Set to trigger a regeneration

INDIAN hockey is set to court good times. The mood of depression is melting, giving way to optimism.

INDIAN hockey is set to court good times. The mood of depression is melting, giving way to optimism. This is largely on account of the consciously designed means by the sponsors to inject an element of glamour and glitz to the tepid scenario after a year of convulsions, controversies and contradictions.

If SAHARA-INDIA revived the drooping spirits two years ago, stepping in to lift the image of what is often referred to as the national game, it is now the turn of ESPN-STAR Sports to trigger a revolutionary regeneration.

The Premier Hockey League (PHL), to be launched this week at Hyderabad, is perceived as a panacea to the malaise afflicting hockey in the country. Both in range and scale, the dimension and reach cannot match cricket; but the long felt need of an NHL is bound to trigger a perceptible measure of interest for all sections.

Packaging a full-scale professional league, involving as many as 13 foreign players and the cream of national talent, is by itself an achievement of sorts. The ESPN-STAR Sports, which will telecast all the matches live, and the Leisure Sports Management, the unit behind conceiving the idea with the Indian Hockey Federation, deserve praise for the endeavour.

More than the novelty of the format, what interests everyone primarily is the financial reward. It is computed that almost everyone will benefit to the tune of Rs.100,000 from the month long championship featuring five teams in the Top Tier. The prize money is also substantial, touching Rs. 70 lakhs, with the winner taking Rs. 30 lakhs.

The matches consist of four parts of 17 � minutes each, which again is setting a new trend. Given the scope for exploiting commercially the time slot between breaks, this concept will definitely engage the attention of many sponsors. Even the International Hockey Federation, which monitors the PHL closely since the idea was mooted and confirmed in March last year, will not be averse to experimenting with the system, at least in a few competitions.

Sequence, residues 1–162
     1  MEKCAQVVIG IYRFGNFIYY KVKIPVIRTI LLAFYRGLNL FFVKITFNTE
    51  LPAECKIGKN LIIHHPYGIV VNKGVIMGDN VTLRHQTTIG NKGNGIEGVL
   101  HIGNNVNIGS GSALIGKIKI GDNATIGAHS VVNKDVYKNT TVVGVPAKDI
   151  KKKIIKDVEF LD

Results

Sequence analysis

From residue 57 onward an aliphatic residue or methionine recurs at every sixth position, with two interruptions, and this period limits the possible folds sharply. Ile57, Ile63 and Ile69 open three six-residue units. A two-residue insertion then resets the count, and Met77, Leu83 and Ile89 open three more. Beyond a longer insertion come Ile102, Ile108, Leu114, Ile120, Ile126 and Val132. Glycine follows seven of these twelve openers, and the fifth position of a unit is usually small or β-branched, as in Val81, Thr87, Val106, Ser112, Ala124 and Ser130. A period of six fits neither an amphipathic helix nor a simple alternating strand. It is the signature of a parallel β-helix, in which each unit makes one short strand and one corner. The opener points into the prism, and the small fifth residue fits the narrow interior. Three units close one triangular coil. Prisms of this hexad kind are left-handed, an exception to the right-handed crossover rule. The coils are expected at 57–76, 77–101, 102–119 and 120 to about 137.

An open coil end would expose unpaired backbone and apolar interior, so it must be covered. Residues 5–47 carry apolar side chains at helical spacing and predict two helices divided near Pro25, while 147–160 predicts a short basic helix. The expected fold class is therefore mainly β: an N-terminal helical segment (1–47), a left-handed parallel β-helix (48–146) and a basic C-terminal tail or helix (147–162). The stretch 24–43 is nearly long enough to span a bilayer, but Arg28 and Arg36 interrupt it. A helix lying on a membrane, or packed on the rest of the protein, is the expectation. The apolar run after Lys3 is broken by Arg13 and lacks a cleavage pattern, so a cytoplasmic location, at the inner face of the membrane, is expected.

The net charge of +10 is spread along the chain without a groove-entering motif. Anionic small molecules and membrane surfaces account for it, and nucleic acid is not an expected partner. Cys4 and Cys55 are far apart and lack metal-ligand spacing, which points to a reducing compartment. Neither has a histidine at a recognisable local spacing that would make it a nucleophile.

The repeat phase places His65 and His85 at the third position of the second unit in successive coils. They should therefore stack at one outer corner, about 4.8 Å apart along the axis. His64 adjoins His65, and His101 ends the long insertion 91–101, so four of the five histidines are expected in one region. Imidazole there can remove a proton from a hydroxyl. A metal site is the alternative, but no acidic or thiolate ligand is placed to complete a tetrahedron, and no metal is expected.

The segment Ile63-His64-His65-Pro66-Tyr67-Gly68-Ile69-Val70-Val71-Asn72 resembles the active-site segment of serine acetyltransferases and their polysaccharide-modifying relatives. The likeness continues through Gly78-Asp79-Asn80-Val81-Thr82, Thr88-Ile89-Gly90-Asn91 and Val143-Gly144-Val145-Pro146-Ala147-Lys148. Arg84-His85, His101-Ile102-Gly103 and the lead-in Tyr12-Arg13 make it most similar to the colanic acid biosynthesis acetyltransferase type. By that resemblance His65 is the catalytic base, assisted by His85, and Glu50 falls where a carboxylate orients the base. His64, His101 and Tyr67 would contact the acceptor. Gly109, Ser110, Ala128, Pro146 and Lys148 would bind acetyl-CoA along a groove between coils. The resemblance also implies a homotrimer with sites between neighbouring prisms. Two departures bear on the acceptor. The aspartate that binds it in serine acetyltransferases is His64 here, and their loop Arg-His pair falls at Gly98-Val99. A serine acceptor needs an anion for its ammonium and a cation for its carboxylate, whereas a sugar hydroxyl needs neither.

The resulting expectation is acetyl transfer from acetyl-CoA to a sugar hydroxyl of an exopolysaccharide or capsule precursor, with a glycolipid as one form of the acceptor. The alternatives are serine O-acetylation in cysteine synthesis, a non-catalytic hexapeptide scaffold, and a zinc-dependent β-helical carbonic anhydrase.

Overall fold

How much of the popular wave of enthusiasm generated can be garnered to boost the value of PHL remains to be seen. There is no dispute over the fact that it will surely elevate the quality in the higher echelons. The participation of foreign stars is another plus point. The exercise of involving a large section of national players into different teams is another well thought out measure, against the popular demand of inducting star-studded institutional teams like Indian Airlines, Punjab Police, and Punjab and Sind Bank, which may corner all the financial rewards and focus, reducing the PHL into another all-India tournament.

As the President of the Indian Hockey Federation, K. P. S. Gill rightly observed there might be a few teething problems in the inaugural year. The experience gained out of the Hyderabad edition will definitely help identifying areas of deficiency and improve upon them in the forthcoming years. With several centres upgrading facilities at the Stadiums, the PHL can well be spread over to other parts of the country. The fact that Pakistan Hockey Federation is planning a similar venture in 2006 after observing the conduct of the PHL at Hyderabad testifies the interest created among the hockey playing countries.

Interestingly, Pakistan has the maximum of 10 players figuring in the competition, apart from the two from Malaysia and one from Spain. Quite predictably, the presence of the World record holder for highest number of goals in the game, Sohail Abbas, adds an element of glamour.

While the charisma of a player like Sohail cannot be disputed, it is a bit surprising that no sufficient amount of focus has been placed on the lone Spaniard, Juan Escarre. Not only is Escarre a veteran of many a battle, who leads the now refreshed pack of Spaniards, but he is a superb attacker and mid-fielder, arguably one of the best in contemporary hockey. Malaysia's Kuhen Shanmuganathan is an iconic figure in his country and a competent defender with impeccable proficiency.

The PHL has a special significance for the striker, Gagan Ajit Singh, who leads the Sher-e-Jalandhar. Surprisingly kept out of the national squad since the Athens debacle, this is a splendid opportunity for the gangling Gagan to show how he has been wronged by the selectors.

Arjun Halappa, Dilip Tirkey and Viren Resquinha are other leaders of teams striving hard to prove their credentials to handle players in tight situations. Almost all the juniors who are likely to serve at the next World Cup in Rotterdam in June-July will gain a lot more exposure and experience to fine tune their talent.

In whatever way you analyse it, the PHL signals a new era for competitive hockey in India.